Ellen Smith

Detective novels have lost their savor, but it’s been so long since she’s read anything else that Ellen isn’t sure what to do with herself. She’s wise to their tricks, that’s all; there’s only so many ways you can arrange a limited number of suspects, only so many ways to organize a killing. She’s seen it all: shootings, hangings, drownings, explosions, immolations, defenestrations. Bumped from a high place, buried alive in a low place, fed to ants and dogs and bristle-chinned pigs. For jealousy, for money, for revenge, for mania, for no reason at all.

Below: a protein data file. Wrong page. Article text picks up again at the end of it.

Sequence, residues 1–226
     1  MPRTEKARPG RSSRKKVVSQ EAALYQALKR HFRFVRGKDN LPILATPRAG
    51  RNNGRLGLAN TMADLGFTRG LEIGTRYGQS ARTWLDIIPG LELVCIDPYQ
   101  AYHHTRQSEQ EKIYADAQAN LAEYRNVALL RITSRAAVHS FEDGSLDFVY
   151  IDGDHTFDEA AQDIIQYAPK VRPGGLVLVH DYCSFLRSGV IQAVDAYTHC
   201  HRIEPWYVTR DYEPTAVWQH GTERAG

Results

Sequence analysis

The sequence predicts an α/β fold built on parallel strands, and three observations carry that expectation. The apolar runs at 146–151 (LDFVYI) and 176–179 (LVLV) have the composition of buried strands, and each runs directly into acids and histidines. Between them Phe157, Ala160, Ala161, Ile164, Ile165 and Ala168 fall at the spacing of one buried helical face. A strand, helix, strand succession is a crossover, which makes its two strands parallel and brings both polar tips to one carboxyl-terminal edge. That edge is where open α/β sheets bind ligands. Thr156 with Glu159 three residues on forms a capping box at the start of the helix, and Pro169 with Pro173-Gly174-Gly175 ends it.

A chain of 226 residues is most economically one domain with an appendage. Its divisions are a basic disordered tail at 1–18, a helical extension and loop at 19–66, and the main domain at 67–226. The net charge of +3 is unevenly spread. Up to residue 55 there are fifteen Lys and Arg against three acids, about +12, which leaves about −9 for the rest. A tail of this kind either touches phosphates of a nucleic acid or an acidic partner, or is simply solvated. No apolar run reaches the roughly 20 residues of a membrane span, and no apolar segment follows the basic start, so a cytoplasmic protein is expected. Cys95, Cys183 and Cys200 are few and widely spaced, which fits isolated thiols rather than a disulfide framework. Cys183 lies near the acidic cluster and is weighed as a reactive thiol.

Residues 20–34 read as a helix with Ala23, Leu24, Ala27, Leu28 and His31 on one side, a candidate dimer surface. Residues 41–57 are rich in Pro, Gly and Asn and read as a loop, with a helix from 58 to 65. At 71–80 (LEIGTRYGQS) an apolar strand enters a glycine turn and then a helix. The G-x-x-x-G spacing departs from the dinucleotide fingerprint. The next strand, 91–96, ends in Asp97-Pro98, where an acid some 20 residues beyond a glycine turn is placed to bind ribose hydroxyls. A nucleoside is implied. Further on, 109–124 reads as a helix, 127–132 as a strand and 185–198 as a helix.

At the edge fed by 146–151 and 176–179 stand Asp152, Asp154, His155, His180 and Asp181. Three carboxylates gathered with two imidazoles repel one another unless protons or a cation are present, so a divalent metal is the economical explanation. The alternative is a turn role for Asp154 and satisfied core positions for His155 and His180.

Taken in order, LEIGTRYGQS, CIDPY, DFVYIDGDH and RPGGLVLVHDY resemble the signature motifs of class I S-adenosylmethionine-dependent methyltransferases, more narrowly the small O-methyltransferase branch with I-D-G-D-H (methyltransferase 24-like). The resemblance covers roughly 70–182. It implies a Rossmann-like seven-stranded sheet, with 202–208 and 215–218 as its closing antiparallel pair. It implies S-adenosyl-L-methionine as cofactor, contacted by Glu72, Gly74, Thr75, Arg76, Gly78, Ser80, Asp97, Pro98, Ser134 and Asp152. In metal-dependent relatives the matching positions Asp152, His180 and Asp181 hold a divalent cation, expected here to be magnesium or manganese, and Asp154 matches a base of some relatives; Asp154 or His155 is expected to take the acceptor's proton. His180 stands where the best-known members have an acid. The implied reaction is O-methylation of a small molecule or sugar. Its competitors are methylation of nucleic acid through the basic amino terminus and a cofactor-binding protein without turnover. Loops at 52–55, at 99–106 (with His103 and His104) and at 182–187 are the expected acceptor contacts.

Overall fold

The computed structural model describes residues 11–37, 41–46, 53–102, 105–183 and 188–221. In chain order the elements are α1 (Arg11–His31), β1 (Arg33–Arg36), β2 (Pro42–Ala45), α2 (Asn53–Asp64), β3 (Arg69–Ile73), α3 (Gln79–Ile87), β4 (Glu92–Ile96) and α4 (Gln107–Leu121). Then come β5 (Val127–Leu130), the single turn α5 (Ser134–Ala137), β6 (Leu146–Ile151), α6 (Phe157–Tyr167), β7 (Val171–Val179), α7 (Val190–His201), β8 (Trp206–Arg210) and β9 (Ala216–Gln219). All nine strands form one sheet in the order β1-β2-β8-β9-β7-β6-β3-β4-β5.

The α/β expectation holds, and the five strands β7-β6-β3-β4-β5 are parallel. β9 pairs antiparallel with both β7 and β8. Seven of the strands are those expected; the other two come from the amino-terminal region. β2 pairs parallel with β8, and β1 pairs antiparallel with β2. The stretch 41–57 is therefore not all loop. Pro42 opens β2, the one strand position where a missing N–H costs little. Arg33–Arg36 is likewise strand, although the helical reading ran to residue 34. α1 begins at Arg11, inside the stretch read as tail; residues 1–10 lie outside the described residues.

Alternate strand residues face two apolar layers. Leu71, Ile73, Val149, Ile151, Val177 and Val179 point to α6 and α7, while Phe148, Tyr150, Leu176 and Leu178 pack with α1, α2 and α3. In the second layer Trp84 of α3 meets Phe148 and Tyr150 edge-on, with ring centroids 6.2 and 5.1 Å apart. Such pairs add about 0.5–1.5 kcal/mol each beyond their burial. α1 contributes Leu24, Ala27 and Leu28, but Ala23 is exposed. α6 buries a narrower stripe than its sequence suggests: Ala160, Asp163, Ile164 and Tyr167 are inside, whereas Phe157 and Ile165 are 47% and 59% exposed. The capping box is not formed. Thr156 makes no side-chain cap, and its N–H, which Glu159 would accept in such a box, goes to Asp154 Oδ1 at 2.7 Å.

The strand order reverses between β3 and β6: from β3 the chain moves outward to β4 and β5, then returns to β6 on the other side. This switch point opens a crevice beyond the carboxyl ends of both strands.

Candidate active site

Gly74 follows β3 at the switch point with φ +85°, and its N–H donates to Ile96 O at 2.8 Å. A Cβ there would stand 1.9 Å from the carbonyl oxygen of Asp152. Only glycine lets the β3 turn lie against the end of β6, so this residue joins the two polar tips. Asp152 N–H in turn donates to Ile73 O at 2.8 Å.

Some cheat, which makes for a surprise ending but not a fun one. There’s nothing to put together ahead of time, nothing to suddenly fall in place, no moment when the clouds part and the sun shines down, just the stultifying wonder of a magician whisking a cloth aside to reveal your missing card. Yes, that’s the one. Of course.

She nibbles at real crimes, but shudders back. Out here, people die for too many raw reasons, killed in the street for a busted taillight, shot in the office by an abusive husband, hit by accident for no reason at all.